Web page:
For Labuschagne, the initial movement out towards Abbas was a sign he had thought long and hard about facing him and similar bowlers since their first meeting in the UAE a little more than a year ago. That Labuschagne was able to collect runs through midwicket with something like impunity, from his very first scoring stroke to the one that took him to a second Test hundred in as many innings, was another indicator of how fruitful his time at Glamorgan with Matthew Maynard had been. Added to this were a series of late cuts that challenged bowlers and fielders alike, so precise were their execution.

"Marnus fielded for us one or two times in Test matches, then I played against him in Shield games," Warner said. "I just remember how annoying he was, he never shut up on the field, a bit like me when I was a youngster. But his work ethic is outstanding, he's got this bromance between him and Smudge [Steven Smith] and it's really rubbing off on him in the way he prepares.

"I've had people say they couldn't believe how good he was, and everyone talks about how he gets starts, but I always said to him the hardest one is your first one, and then it goes on from there. To see him start like he did last game, loud calls, good intent, rotated the strike, I can't praise him anymore, he's an outstanding talent."

Warner's century, celebrated sans bat as he raced towards the Australian team viewing area and brandished his helmet with its coat of arms, was his 17th in Australia, taking him level with Michael Clarke and trailing only Sir Donald Bradman (18), Matthew Hayden (21) and Ricky Ponting (23). Still more impressive, though, was the Warner ratio of innings to centuries in matches down under. With a hundred every 4.06 innings, Warner is second only to Smith (3.92) and Bradman (2.77), leaving the previous best for an opener, Hayden's 4.66, well behind.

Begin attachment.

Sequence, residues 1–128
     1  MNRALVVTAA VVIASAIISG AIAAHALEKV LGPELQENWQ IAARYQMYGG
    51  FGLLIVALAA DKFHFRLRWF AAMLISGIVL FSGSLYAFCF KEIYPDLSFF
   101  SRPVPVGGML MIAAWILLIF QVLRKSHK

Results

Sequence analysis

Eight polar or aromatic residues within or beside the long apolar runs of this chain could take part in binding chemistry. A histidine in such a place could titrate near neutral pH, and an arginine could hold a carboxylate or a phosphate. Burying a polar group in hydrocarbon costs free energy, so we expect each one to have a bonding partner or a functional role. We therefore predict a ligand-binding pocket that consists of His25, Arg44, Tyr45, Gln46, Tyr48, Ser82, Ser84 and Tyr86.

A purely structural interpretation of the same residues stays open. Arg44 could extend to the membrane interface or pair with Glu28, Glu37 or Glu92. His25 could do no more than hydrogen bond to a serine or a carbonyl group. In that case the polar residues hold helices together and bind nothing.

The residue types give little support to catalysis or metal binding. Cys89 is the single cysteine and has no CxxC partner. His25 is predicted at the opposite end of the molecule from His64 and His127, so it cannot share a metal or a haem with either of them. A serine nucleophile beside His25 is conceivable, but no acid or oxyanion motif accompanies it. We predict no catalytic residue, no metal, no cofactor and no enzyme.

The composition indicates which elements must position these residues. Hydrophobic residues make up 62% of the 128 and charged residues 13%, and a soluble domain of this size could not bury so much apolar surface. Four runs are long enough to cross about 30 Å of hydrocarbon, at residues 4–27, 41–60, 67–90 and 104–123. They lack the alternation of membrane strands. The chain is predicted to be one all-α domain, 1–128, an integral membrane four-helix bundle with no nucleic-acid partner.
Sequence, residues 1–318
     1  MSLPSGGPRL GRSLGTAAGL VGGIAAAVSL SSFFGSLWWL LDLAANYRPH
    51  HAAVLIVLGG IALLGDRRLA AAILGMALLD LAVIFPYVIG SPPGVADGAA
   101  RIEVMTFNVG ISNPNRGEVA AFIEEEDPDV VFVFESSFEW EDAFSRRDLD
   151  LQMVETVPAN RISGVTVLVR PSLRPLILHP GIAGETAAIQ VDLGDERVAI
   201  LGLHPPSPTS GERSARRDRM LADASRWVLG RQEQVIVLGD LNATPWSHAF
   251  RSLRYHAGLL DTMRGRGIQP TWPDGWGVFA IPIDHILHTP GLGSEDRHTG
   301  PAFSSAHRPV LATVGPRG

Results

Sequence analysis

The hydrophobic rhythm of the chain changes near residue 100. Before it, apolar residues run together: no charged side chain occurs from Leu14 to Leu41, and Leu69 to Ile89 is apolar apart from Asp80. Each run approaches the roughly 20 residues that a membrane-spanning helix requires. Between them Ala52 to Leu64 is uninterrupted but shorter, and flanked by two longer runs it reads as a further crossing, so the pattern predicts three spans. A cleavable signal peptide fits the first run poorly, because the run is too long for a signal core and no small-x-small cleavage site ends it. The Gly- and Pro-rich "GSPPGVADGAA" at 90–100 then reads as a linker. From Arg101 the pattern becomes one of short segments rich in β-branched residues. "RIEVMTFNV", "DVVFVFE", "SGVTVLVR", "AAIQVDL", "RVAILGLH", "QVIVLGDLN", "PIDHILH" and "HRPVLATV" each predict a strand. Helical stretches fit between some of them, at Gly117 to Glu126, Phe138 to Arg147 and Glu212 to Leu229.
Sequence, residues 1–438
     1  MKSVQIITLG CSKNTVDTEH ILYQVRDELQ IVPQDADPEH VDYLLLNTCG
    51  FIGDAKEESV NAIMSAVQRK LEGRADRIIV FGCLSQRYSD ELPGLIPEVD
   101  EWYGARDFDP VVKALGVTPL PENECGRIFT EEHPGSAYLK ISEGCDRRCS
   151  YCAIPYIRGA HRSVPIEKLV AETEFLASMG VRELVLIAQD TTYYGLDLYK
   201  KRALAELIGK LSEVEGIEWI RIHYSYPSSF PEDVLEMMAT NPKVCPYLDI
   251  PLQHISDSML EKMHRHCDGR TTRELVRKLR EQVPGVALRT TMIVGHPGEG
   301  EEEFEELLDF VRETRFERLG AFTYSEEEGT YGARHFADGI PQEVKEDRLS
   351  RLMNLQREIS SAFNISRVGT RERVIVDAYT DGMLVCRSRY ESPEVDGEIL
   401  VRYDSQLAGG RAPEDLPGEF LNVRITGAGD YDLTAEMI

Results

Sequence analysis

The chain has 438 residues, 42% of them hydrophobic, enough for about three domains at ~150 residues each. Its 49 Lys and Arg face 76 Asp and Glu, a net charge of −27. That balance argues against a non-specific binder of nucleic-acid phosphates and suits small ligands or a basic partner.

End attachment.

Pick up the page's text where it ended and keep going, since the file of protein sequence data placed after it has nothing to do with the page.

"I don't take any notice to be honest," Warner said in response to a question about those who say he only performs at home. "A lot of great players in the world haven't scored many hundreds away from their country, and my job is to score as many runs as I can when I'm at home and away. You don't go into those away series thinking you haven't scored hundreds here or anywhere. You've got to try your best for the team and for me it's about getting the team off to a good start and trying to wear down the bowlers."

If there was anything sobering for Australia on an evening when they marched off to stumps with Smith still to bat, it was the fact that the ratios of Bradman and Hayden were recorded in eras when the men in the baggy green were undeniably the world's best team. For Smith and Warner to peel off centuries with such punishing regularity without seeing Australia to the top of the world anymore than briefly is an indicator of the lack of support they have long had to endure.

That's why Labuschagne's hundred was, arguably, the more significant of the two innings, providing strong indications that maybe, just maybe, this Australian team is developing a depth of batting talent and performance that will allow them to genuinely challenge India in particular.

Justin Langer, Tim Paine and company can be forgiven for wanting to wait and see how the remainder of the summer goes before concluding they have got there, for Pakistan have long struggled to find their feet in Australia. How soon we forget that four summers ago, Peter Handscomb and Matt Renshaw were able to look like world-beaters against a team then led by Misbah-ul-Haq, now the coach.

It may well be the case that the pink ball, floodlit evening and evenly grassed Adelaide pitch would be more challenging to Australia in just about any other hands.